There are instances of polygamy in the Calidridinae sandpipers where the male mates with several females and leaves all parental duties to the female. Ruff, pectoral sandpiper, sharp-tailed sandpiper, and curlew sandpiper are polygamous species with low site fidelity and little likelihood of expending energy on defence of a nest from predators or defence of a territory from other individuals.

Polyandry is a third and less common type of mating system, an example being red-necked phalarope. The females are more brightly coloured than the males and will compete for mates. A female will mate with several males in succession and a male will incubate the eggs and rear the young either with or without, or with limited assistance from the female.

Camouflage and predation of eggs and chicks

Shorebird eggs, chicks and nests are generally well camouflaged from predators. Eggs are usually coloured and patterned to mimic the colour of local plants, dead leaves or lichen. Chicks are also cryptically patterned and will remain motionless if under threat. An adult sitting on a nest can be hard to spot, although some adult shorebirds (whimbrel, curlew sandpiper) will abandon the nest if a predator approaches. Adults will invariably offer some form of distraction display to draw predators away from their nests and free-roaming chicks also behave to minimise their risk of detection by quickly hiding or staying still where they blend into the background.

Heavy predation on shorebird eggs and chicks may occur from a range of predators when their other food sources are low due to lemming populations fluctuating in cycles of 3-4 years. At these times, arrivals to Australia of juvenile shorebirds on southward migration can be dramatically reduced. Compared to birds of similar size, shorebirds are very long lived (up to 20+ years), which is perhaps a response to the heavy predation on chicks that can periodically occur. Longevity of adults affords a degree of resilience to a population that suffers periodic, high juvenile mortality.

Local drab look

When the migratory shorebirds in the East Asian-Australasian Flyway are away from Queensland they are much more colourful.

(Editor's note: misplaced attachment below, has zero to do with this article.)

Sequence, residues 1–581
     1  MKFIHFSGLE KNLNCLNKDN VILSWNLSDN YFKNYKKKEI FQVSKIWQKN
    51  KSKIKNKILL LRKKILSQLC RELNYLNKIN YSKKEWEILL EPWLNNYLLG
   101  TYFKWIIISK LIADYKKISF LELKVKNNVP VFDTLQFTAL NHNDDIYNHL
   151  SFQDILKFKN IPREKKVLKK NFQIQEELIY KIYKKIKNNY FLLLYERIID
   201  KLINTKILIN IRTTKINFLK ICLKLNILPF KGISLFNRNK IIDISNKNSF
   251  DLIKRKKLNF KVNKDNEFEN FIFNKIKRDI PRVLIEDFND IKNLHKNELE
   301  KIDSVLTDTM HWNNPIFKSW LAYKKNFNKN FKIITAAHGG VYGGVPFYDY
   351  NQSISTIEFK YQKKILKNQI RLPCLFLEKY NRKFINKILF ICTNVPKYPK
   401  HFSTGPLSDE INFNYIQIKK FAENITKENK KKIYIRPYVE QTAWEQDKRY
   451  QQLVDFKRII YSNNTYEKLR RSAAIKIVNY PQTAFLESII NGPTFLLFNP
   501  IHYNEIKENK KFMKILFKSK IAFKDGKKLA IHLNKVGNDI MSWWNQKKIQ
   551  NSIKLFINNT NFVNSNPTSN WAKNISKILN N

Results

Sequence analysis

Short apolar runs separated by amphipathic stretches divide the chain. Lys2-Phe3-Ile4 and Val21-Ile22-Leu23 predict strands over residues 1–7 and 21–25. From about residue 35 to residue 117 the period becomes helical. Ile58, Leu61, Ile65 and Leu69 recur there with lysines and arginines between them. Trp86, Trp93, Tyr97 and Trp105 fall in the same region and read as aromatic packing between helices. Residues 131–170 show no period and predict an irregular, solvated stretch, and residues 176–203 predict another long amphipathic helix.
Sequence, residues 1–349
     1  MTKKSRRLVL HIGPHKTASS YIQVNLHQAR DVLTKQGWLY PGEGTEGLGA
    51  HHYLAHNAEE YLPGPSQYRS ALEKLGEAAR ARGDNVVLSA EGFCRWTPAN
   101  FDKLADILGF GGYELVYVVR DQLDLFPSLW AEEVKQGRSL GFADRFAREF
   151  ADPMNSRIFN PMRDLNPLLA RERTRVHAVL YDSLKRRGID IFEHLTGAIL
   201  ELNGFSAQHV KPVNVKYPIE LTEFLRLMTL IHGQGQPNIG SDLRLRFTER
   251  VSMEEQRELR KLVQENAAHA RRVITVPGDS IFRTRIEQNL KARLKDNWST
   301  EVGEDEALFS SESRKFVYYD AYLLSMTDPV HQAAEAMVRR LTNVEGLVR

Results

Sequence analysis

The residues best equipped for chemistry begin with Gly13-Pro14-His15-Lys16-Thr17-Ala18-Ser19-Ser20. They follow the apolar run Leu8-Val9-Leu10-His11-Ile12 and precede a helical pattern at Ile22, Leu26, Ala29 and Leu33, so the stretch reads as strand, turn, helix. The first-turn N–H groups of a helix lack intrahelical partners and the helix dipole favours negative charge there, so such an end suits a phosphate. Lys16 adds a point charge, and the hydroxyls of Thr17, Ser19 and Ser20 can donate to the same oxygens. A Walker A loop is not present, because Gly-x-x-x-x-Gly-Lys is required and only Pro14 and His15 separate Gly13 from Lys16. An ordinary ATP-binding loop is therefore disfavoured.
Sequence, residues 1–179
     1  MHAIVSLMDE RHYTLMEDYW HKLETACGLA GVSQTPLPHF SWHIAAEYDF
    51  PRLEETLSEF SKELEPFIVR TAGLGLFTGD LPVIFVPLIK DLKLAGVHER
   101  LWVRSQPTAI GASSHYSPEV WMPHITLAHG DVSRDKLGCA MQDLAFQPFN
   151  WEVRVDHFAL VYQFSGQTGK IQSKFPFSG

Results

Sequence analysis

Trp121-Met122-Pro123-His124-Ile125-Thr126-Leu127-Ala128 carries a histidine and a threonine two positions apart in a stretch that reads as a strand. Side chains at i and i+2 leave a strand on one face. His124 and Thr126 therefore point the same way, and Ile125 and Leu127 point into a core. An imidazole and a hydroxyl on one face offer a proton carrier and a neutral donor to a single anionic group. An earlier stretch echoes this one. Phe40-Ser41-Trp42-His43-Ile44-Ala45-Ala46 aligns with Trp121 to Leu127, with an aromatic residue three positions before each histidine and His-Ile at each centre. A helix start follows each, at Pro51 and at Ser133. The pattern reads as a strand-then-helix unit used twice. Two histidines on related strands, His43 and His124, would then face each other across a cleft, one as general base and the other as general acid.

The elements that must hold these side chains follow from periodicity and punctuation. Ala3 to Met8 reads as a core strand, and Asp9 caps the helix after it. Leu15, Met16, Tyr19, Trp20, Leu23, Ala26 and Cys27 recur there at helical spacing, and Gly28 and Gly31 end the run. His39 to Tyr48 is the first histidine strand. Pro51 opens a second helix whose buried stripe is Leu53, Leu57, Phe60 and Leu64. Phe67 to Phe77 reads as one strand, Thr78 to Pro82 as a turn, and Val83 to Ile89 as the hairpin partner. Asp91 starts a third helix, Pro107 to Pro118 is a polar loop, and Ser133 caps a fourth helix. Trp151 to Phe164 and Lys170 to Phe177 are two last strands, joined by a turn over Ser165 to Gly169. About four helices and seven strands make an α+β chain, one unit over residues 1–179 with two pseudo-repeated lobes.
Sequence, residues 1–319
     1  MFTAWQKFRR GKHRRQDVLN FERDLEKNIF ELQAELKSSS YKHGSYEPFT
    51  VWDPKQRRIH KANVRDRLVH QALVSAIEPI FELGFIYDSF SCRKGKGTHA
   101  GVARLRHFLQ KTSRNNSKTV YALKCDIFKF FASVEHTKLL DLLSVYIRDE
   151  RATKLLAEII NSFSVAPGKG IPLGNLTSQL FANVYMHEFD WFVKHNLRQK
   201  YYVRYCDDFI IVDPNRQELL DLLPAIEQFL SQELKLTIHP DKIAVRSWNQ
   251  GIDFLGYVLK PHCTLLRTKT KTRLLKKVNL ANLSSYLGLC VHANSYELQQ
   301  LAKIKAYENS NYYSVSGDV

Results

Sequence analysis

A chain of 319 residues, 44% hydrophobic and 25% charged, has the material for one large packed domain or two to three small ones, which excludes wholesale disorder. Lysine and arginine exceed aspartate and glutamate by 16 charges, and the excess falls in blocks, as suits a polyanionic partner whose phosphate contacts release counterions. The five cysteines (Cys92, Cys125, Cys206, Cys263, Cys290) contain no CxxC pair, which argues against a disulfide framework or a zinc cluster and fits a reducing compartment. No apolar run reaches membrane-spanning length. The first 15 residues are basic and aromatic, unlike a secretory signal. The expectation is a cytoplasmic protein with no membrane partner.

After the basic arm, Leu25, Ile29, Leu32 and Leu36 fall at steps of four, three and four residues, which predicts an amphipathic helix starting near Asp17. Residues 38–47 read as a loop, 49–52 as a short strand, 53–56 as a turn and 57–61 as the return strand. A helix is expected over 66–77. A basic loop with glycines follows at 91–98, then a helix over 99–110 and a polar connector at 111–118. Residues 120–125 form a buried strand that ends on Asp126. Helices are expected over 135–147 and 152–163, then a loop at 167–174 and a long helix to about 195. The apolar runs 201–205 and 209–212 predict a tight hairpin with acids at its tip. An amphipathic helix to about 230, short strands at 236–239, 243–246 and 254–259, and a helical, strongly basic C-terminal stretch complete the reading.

While in Queensland, these migratory shorebirds are mostly in their non-breeding plumages of buff and grey. To the untrained eye, having lost their distinctive breeding plumages, the species now look very similar to one another and they merge perfectly with their usual background of mud and sand. In this condition, migratory shorebirds are often less noticeable than shorebirds that reside in Australia all year and certainly less obvious than many other Australian waterbirds.

Cycle of moult

A period of natural feather replacement is called a 'moult', and for migratory shorebirds occurs:

  1. as a body plumage moult, twice a year (in and out of breeding plumage) and
  2. as a flight feather moult which occurs once a year.

As soon as shorebirds arrive on the non-breeding grounds in Australia from August onwards, they begin to moult into their non breeding body plumage. By about November, the body moult is complete but moulting of the flight feathers begins, which lasts about three months until February.

Moulting of flight feathers is a slow process, which in some circumstances can stop and restart if it is in the best interests of the survival of an individual bird. It involves the secondary and primary flight feathers in the wing (remiges) and the tail feathers (rectrices). Individual flight feathers can take three weeks to grow and are bigger and more important than single body feathers.

After the moult of flight feathers, preparation for northward migration begins including a body moult into breeding plumage, which will extend into the time when shorebirds are migrating northward. Only certain aspects of the breeding plumage are for display, other aspects act as camouflage and helps conceal birds sitting on nests amongst the brightly coloured forbs, lichens and mosses of the tundra. Breast feathers can be for display and back feathers for camouflage.

Acknowledgements

Information was compiled using a number of sources including the following:

  • Rogers, D. I., T. Piersma, M. Lavaleye, G. B. Pearson, and P. de Goeij (2003) Life Along Land’s Edge, Wildlife on the shores of Roebuck Bay. Department of Conservation and Land Management, Western Australia.
  • Geering, A., L. Agnew, and S. Harding (2007) Shorebirds of Australia. CSIRO Publishing, Victoria.
  • Paulson, D. (1994) Shorebirds of the Pacific Northwest. University of British Columbia Press, Vancouver.
  • Marchant, S., and Higgins, P. J. (1993) Handbook of Australian, New Zealand and Antarctic Birds. Vol. 2: Raptors to Lapwings. Melbourne Univ. Press, Melbourne.

Additional information


Last updated: 13 November 2020

This page should be cited as:

Department of Environment and Science, Queensland (2020) Breeding and moult for migratory shorebirds, WetlandInfo website, accessed 1 February 2021. Available at: https://wetlandinfo.des.qld.gov.au/wetlands/ecology/components/fauna/birds/shore-bird/breeding-moult.html

Queensland Government
WetlandInfo   —   Department of Environment and Science